The prisoners and townsfolk sing to the day and hour of justice which has come (Heil sei dem Tag!—"Hail to the day!"). The minister, Don Fernando, announces that tyranny has ended. Rocco enters, with Leonore and Florestan, and he asks Don Fernando to help them (Wohlan, so helfet! Helft den Armen!—"So help! Help the poor ones!"). Rocco explains how Leonore disguised herself as Fidelio to save her husband. Previously in love with Fidelio, Marzelline is shocked. Rocco describes Pizarro's murder plot, and Pizarro is led away to prison. Florestan is released from his chains by Leonore, and the crowd sings the praises of Leonore, the loyal savior of her husband (Wer ein holdes Weib errungen—"Who has got a good wife").

Egmont, Op. 84

Egmont, is a set of incidental music pieces for the 1787 play of the same name by Johann Wolfgang von Goethe. It consists of an overture followed by a sequence of nine pieces for soprano, male narrator and full symphony orchestra. 

0:00 Overture: Sostenuto, ma non troppo – Allegro
8:05 Lied: "Die Trommel gerühret"
11:03 Entracte: Andante
14:13 Entracte: Larghetto
19:13 Lied: "Freudvoll und Leidvoll"
20:51 Entracte: Allegro – Marcia
24:44 Entracte: Poco sostenuto e risoluto
28:21 Mort de Klärchen
31:05 Melodram: "Süßer Schlaf"
36:20 Siegessymphonie (symphony of victory): Allegro con brio

Claudio Abbado - 
Berliner Philharmoniker 

Vocal music

While he completed only one opera, Beethoven wrote vocal music throughout his life, including two Mass settings, other works for chorus and orchestra (in addition to the Ninth Symphony), arias, duets, art songs (lieder), and true song cycles.



H 115: Vestas Feuer (opera fragment) (1803)
Opus 72: Leonore (1805), first version in three acts
Opus 72: Leonore (1806), second version in two acts
Opus 72: Fidelio (1814), final version in two acts


Opus 80: Choral Fantasy for solo piano, chorus, and orchestra (1808)
Opus 85: Christus am Ölberge (Christ on the Mount of Olives) – oratorio (1803)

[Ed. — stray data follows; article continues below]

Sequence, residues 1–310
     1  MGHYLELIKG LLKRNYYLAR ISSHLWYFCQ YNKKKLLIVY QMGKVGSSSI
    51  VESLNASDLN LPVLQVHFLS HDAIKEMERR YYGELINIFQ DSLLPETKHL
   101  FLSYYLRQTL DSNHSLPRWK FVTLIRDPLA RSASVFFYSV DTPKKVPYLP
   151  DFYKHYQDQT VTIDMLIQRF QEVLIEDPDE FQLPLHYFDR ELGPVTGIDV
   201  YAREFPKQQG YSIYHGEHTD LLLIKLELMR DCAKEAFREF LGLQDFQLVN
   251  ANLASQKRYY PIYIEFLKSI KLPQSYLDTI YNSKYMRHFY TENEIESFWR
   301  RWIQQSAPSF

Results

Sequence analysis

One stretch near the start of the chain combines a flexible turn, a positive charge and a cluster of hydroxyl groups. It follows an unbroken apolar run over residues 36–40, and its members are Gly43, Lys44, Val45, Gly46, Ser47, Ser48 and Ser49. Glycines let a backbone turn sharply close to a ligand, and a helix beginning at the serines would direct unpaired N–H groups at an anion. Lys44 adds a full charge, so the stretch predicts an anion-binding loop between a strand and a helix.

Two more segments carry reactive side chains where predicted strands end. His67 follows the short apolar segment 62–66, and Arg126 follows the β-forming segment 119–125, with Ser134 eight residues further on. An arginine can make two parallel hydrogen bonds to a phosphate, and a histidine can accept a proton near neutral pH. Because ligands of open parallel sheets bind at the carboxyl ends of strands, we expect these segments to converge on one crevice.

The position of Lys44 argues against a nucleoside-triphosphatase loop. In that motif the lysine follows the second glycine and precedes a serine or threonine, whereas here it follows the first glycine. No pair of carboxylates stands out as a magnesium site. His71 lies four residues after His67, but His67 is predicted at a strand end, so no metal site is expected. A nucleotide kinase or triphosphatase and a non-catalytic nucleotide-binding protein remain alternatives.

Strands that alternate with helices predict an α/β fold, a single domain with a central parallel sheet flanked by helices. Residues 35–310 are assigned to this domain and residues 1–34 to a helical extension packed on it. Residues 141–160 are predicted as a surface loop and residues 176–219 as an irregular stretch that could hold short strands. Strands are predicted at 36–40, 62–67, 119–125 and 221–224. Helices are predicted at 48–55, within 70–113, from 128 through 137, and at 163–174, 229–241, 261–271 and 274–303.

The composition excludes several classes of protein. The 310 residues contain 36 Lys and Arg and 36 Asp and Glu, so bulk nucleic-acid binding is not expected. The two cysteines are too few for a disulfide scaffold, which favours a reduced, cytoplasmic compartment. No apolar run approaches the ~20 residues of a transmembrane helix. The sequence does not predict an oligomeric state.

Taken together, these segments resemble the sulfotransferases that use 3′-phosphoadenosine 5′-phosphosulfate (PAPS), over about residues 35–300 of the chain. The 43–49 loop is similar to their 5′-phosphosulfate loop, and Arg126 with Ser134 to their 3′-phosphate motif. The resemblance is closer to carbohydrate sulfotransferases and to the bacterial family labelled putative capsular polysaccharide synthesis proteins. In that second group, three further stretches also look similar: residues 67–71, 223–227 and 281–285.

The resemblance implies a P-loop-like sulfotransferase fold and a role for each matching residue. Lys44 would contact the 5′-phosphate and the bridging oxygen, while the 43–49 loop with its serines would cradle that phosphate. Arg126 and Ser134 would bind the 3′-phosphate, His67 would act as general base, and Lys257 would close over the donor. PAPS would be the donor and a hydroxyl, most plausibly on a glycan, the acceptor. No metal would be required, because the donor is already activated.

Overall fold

Opus 86: Mass in C major (1807)
Opus 112: Meeresstille und glückliche Fahrt (Calm Sea and Prosperous Voyage), for chorus and orchestra (1815)
Opus 118: "Elegischer Gesang" for four voices and string quartet (1814)
Opus 123: Missa Solemnis in D major (1823)
Opus 136: Der glorreiche Augenblick (de) (The Glorious Moment), cantata for four solo voices, chorus and orchestra (1814)
1. Chorus: "Europa steht!"
2. Recitative: "O seht sie nah und näher treten!", Chorus: "Vienna Vienna Vienna"
3. Recitative: "O Himmel welch Enzücken!" Aria (Vienna) with chorus: "Alle die Herrscher darf ich grüssen"
4. Recitative: "Das Auge schaut" with chorus: "Dem die erste Zähre"
5. Recitative: "Der den Bund im Sturme festgehalten"
6. Chorus: "Es treten vor die Scharem der Frauen"
Emperor Cantatas
WoO 87: Funeral cantata on the Death of Emperor Joseph II, for solo voices, chorus and orchestra (1790)
1. Chorus and soloists: "Tot! Tot, stöhnt es durch die öde Nacht"
2. Recitative: "Ein Ungeheuer, sein Name Fanatismus" (bass)
Aria: "Da kam Joseph" (bass)
3. Aria (soprano) with chorus: "Da stiegen die Menschen an's Licht"
4. Recitative: "Er schläft, von den Sorgen seiner Welten entladen" (soprano)
Aria: "Hier schlummert seinen stillen Frieden der grosse Dulder" (soprano)
5. Chorus and soloists: "Tot! Tot, stöhnt es durch die öde Nacht"
WoO 88: Cantata on the Accession of Emperor Leopold II, for solo voices, chorus and orchestra (1790)
1. Recitative: "Er schlummert" – "Lasst sanft den grossen Fürsten Ruhen!" (soprano, chorus)
Aria: "Fliesse, Wonnezähre, fliesse!" (soprano)
2. Recitative: "Ihr staunt, Völker der Erde!" (bass)
3. Recitative: "Wie bebt mein Herz vor Wonne!" (tenor)
Trio: "Ihr, die Joseph ihren Vater nannten" (tenor, bass, soprano)
4. Chorus: "Heil! Stürzet nieder, Millionen" (chorus, soloists)


Choral Fantasy for solo piano, chorus, and orchestra, Opus 80 (1808)

Christ in the Mount of Olives, Op. 85

00:01 - I. Intro.
14:28 - II. Recitative.
24:51 - III. Recitative.
31:50 - IV. Recitative.
46:33 - V. Recitative.

Mass in C Major for Solo, Chorus and Orchestra Op.86 (1812)

1. Kyrie 
2. Gloria (Qui tollis - Quoniam) (5'56)
3. Credo/Et incarnatus est (16'36)
4. Sanctus (Benedictus - Osanna) (29'02) 
5. Agnus Dei (Dona nobis pacem) (40'38)

Conducted by Sir Colin Davis.

Meeresstille und glückliche Fahrt op. 112

Elegiac Song for Choir and Orchestra, Op 118

Mass in D major, Op. 123 "Missa solemnis"

0:00 Kyrie
11:28 Gloria
29:02 Credo
47:53 Sanctus
1:06:27 Agnus Dei



Cantata on the Accession of Emperor Leopold II, WoO 88

Arie: Fliesse, Wonnezahre, Fliesse!

Christine Schäfer, Soprano

Orchester der Deutschen Oper Berlin
Christian Thielemann, conductor